Thank you for letting me get that off my chest.

UPDATE: Oh, good, I'm not the only one.  Here's a data analyst and neurocognitive researcher replying to Kevin Drum

Tuesday, August 15, 2017

Real retail sales disappoints . . . the Doomers

 - by New Deal democrat

This morning's report on July retail sales once again belies the claim that "hard data" and "soft data" are divergent..

Not only did July come in at a strong +0.6% (+0.5% ex-autos), but June was revised up as well. Given basically non-existent inflation, this means that real retail sales made two more new records for this expansion:

In fact, real retail sales look like they are right in line with a multi-year trend.

Real retail sales per capita tend to turn down well in advance of the onset of a recession, so here is real retail sales per capita:

Again, the upward trend is continuing .

Finally, although the relationship is noisy, YoY growth in retail retail sales tends to correlate with YoY growth in employment during the ensuing months:

.So this suggests that recent stronger monthly jobs reports will continue.

Doomers will once agin have to find a new place to hang their hats.

Monday, August 14, 2017

One tiny little ray of hope

 - by New Deal democrat

After the Charlottesville, VA white supremacy violence, and his failure to explicitly condemn it, Donald Trump's Gallup approval rating has fallen to a new low of 34%, and his disapproval to a new high of 61%:

This puts him below the lowest ratings during their entire term of Lyndon Johnson, Ronald Reagan, and Bill Clinton. Only Truman, Ford, Carter, and George W. Bush ever scored lower.

So far, alas Rasmussen has not followed suit.

Measuring full employment by actual hires vs. job openings

 - by New Deal democrat

How close are we to full employment? One method that is sometimes touted is the Beveridge curve.  The Beveridge curve (invented by a British economist named, you guessed it, Beveridge, compares the level of job openings with the level of unemployment. Generally speaking, if there are as many job openings as there are unemployed, then the economy is running at full employment (since everyone who wants a job ought to be able to get one).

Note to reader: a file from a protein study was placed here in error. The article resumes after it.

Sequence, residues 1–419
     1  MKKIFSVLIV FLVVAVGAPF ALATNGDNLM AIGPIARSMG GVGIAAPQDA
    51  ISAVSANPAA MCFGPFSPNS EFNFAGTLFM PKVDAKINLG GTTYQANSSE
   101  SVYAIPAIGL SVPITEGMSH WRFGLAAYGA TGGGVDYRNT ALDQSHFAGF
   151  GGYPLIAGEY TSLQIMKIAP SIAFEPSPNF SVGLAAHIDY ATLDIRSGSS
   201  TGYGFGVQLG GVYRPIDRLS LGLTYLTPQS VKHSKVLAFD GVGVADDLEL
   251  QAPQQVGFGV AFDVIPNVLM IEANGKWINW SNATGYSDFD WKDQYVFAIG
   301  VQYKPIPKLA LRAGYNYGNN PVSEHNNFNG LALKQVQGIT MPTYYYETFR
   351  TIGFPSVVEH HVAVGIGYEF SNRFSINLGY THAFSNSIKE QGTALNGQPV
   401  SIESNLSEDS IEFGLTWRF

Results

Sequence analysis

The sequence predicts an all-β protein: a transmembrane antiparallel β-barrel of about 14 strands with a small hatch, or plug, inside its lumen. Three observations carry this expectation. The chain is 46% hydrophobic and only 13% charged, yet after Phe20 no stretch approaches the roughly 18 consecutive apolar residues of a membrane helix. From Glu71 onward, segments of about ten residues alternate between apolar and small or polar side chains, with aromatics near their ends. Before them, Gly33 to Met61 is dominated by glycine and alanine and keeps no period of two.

As we saw last week, job openings as measured by the JOLTS report are at an all-time high.  This gives us a Beveridge curve that suggests that the US is close to full employment:

The unemployment rate, at 4.3%, is only 0.3% above the job openings rate, at 4.0%. Of course, another way to look at the data is that it has taken many more job openings to get us down to 4.3%, compared with the last expansion at least.

But as I have frequently noted, this assumes that job openings are offered in good faith.  If employers are just trolling for resumes, or laying the groundwork for H1-B slave labor visas, then job openings aren't offered in good faith.  I think we have to measure employers not by their words (advertising openings), but by their deeds (actual hires).

So I put together a graph to compare labor market tightness by the ratio of openings to the unemployment rate (blue line) vs. the ratio of actual hires to the unemployment rate (red line):

Note that at the end of the late 1990s boom, we really were at full employment. The ratio of both openings and hires to the unemployment rate was close to  1:1. Pretty much everyone who wanted a job could be matched with one. The 2000s economy never got to that point. While the current economy looks like it is at full employment measured by openings, measured by actual hires there is still slack, as there are only 8.5 hires for every 10 people who are unemployed.

For completeness' sake, I did the same thing with the U6 underemployment rate. Here's what that shows:

Here the relative comparison is considerably worse.  While the ratio of job openings to the underemployed is close to its 1990s boom level, the ratio of actual hires to the underemployed isn't even close -- and hasn't reached the peak of the 2000s economy either.

Needless to say, I think the most reliable measure is based on deeds rather than words, and measured by deeds, we aren't at full employment, let alone a boom.